Musicians rock. Their performances bring us so much enjoyment. But music is a lot more powerful when it’s loud, and that can be a hearing hazard. Since musicians expose themselves to loud music on a daily basis, their hearing is at greater risk of being damaged.
As you get older, you’ll still want to be capable of enjoying your favorite music whether you’re a musician or not. The key to having an extended successful career, for musicians, is protecting their hearing. Ear protection is also key to a lifetime of musical fulfillment for everybody.
Oftentimes it can be surprising how loud music can be
If you ask the majority of people whether a jet engine is loud, they’ll likely say yes.
Is music really that loud? People may not be so quick to answer that question if you ask them if a violin or acoustic guitar is loud. Imagine their surprise when they discover the reality: That can also be very loud music! Even classical music can reach relatively high volumes that can easily damage your hearing.
Sounds higher than 90 dB can be created by a violin, for example. A leaf blower is about this loud. In Europe, for instance, they have regulations that require hearing protection for anyone who works in a work environment where there is noise louder than 85 dB.
And if you’re working with music day in and day out, constant exposure to that kind of volume, especially without ear protection, can seriously harm your hearing over time.
How can you protect your hearing?
Okay, musicians who want to keep their hearing for years to come need to safeguard their hearing. So how can musicians continue to enjoy their music while also protecting their hearing?
Well, here are a couple of easy things musicians can do:
- Take breaks: Your ears are the same as any other part of your body: they can become exhausted and will often benefit from rest. So give yourself “hearing breaks” regularly. This will help prevent your ears from becoming overpowered with noise (and damage). Duration is almost as important as volume when it comes to hearing health. Taking breaks can be the difference between just the right amount of stimulation and too much!
- Track your volume: Knowledge is power, right? So being aware of volume levels of noises around you will help you safeguard your hearing. Sometimes, this is as simple as keeping track of your volume settings on amps and receivers. But you can also invest in a decibel meter app for your smartphone to make it convenient to monitor the real-world volume levels your ears are encountering from day-to-day. If the meter reads above 85dB consistently, you’ll have to do something about this.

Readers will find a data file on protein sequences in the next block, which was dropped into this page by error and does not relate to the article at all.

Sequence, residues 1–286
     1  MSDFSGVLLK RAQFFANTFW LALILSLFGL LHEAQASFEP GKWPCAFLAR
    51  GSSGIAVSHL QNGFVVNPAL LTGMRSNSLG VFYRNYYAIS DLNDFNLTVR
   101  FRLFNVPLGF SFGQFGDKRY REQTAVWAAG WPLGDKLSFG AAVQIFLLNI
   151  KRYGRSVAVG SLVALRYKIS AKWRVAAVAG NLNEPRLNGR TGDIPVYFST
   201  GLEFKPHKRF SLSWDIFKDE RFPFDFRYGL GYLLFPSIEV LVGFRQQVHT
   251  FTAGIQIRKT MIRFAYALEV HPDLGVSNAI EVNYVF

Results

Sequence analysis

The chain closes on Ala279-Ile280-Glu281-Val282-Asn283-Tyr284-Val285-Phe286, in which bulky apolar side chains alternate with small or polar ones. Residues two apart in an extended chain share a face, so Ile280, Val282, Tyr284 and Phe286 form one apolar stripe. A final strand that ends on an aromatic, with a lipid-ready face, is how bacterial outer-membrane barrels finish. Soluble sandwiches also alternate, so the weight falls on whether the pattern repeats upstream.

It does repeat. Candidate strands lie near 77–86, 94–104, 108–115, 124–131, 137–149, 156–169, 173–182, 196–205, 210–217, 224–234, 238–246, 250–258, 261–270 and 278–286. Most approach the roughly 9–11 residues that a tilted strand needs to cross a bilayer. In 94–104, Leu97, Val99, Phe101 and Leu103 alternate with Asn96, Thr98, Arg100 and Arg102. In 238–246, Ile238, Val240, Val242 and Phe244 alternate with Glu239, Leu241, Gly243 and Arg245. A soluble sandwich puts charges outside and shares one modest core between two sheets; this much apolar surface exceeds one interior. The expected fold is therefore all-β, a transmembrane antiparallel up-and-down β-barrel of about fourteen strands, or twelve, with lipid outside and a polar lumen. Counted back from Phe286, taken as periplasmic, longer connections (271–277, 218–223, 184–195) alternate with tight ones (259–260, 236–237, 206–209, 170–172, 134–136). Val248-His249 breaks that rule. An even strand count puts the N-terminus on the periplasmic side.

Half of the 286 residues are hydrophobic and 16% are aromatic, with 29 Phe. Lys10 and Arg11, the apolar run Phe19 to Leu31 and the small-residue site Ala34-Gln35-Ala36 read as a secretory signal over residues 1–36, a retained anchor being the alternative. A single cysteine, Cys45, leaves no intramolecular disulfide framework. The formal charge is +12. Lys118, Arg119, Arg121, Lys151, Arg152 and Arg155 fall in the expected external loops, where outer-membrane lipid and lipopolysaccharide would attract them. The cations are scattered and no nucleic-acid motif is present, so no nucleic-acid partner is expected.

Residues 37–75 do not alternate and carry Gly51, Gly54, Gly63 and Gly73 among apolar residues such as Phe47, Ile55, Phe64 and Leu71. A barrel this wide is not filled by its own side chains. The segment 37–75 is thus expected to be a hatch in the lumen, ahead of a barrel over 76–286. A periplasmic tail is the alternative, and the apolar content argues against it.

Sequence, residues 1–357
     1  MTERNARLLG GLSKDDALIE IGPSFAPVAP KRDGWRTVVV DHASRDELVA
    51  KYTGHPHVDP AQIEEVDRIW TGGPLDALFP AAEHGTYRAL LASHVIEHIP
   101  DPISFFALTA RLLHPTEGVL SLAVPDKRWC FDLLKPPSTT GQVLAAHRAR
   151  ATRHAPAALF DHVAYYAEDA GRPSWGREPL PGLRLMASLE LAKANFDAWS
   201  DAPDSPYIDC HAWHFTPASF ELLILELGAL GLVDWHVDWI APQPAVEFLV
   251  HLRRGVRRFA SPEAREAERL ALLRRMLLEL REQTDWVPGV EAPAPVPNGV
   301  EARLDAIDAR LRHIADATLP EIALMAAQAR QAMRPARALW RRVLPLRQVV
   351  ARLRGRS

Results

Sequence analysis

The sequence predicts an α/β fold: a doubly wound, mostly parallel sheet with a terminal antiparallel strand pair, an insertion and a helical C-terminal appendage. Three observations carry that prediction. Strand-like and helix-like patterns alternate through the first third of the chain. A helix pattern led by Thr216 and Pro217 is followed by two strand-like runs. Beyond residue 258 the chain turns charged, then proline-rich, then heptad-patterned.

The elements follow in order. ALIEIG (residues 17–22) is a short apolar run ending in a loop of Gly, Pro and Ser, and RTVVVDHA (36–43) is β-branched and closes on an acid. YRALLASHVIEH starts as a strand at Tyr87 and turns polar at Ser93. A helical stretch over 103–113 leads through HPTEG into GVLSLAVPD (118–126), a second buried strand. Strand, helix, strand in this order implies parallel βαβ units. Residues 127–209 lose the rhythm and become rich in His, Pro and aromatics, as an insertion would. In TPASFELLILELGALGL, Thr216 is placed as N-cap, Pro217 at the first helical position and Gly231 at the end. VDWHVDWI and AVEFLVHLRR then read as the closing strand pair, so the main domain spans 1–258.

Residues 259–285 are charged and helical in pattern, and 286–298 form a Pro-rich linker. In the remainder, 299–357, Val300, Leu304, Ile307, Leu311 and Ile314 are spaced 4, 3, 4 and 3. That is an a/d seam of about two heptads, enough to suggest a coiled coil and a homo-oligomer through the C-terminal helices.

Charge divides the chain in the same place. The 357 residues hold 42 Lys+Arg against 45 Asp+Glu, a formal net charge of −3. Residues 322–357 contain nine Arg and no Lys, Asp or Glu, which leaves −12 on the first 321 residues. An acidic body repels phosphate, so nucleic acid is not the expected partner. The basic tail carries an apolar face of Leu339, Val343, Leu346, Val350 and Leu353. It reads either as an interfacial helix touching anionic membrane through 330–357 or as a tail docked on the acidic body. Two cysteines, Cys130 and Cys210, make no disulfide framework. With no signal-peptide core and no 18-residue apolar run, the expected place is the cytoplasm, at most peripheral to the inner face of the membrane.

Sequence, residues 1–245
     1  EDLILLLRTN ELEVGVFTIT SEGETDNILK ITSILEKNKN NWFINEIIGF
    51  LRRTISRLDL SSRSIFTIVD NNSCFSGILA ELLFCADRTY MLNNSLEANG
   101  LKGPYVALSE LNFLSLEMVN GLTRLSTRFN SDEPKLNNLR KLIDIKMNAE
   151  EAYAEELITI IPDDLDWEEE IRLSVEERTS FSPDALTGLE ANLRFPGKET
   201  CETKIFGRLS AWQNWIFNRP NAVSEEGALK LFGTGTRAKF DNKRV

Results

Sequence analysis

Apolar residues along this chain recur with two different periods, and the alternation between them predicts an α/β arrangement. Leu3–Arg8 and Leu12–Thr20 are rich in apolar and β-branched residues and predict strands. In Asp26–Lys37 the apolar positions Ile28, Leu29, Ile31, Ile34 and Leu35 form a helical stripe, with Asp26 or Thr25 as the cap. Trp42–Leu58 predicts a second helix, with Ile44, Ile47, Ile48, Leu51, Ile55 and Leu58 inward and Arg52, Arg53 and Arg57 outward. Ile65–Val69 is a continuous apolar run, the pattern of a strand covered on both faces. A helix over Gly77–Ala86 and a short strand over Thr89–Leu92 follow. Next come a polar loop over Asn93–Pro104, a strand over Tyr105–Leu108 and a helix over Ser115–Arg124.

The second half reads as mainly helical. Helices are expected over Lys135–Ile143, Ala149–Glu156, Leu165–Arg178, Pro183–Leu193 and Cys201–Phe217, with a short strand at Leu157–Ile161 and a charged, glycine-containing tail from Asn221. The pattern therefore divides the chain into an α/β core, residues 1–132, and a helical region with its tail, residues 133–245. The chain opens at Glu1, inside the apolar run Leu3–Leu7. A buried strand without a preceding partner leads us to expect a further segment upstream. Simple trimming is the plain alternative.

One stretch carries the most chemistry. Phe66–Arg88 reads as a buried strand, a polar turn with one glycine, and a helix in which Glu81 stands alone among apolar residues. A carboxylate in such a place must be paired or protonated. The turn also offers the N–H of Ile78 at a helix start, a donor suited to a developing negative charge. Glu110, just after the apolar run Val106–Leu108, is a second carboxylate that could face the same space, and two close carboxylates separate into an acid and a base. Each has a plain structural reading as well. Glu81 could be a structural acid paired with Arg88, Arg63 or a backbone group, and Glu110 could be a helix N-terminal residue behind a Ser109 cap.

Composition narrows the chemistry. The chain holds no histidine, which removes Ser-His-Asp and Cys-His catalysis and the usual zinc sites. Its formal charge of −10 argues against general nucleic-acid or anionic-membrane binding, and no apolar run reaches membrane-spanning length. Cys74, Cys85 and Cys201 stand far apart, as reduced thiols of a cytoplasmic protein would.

Use hearing protection
Needless to say, the single most beneficial thing you can do to safeguard your ears is simple: wearing ear protection of some kind. Many musicians are hesitant to wear hearing protection because they’re concerned it will impact the clarity of sound they hear, as well as muting the volume. That’s not always true, depending on which type of hearing protection you choose.
- Ear plugs made mainly for musicians: Disposable earplugs are something that’s probably very well known to most people. They don’t always fit perfectly, but they do reliably stop a lot of sound. They aren’t hard to find, don’t cost much, and can be disposed of easily. And they aren’t best suited for musicians. However, by paying a little more, you can purchase high-quality earplugs designed specifically for musicians. These earplugs use cutting-edge manufacturing processes (mostly they’re made out of very distinct materials and are designed to conform nicely to the ear) to maintain audio clarity while reducing the noise you hear by about 20dB. For musicians who need a moderate level of protection on a budget, this option is perfect.
- Electronic earplugs: The same general functionality found in non-electronic earplugs can also be found in electronic earplugs. The earplug itself will block the majority of the sound. What you hear will instead be routed in by the earplug itself. For individuals who work in really noisy environments and need better control of the volume, these earplugs are ideal.
- In-ear monitors: The majority of music is electronic now, or at least amplified by electronics. An in-ear monitor takes those electronic signals and sends them directly to a device placed inside of your ear (called an in-ear monitor). It’s like a special little speaker for your ear, and the majority of monitors can block out sound from the outside environment (thanks to a fairly tight fit and specialized design). This means you can hear exactly how you sound, at a volume you control. In-ear monitors are useful for people who work primarily with electronically amplified instruments.
Protect your hearing, and protect your career
It’s never too late to take measures to safeguard your hearing, but it’s definitely a good plan to begin sooner rather than later. Everyone can safeguard their hearing and future with ear protection solutions at all price points. Don’t forget that you’re investing in your career by using hearing protection for musicians. By doing so, you will be able to enjoy creating music for as long as you want to.
Don’t quite know where to start? Call us today, we can help!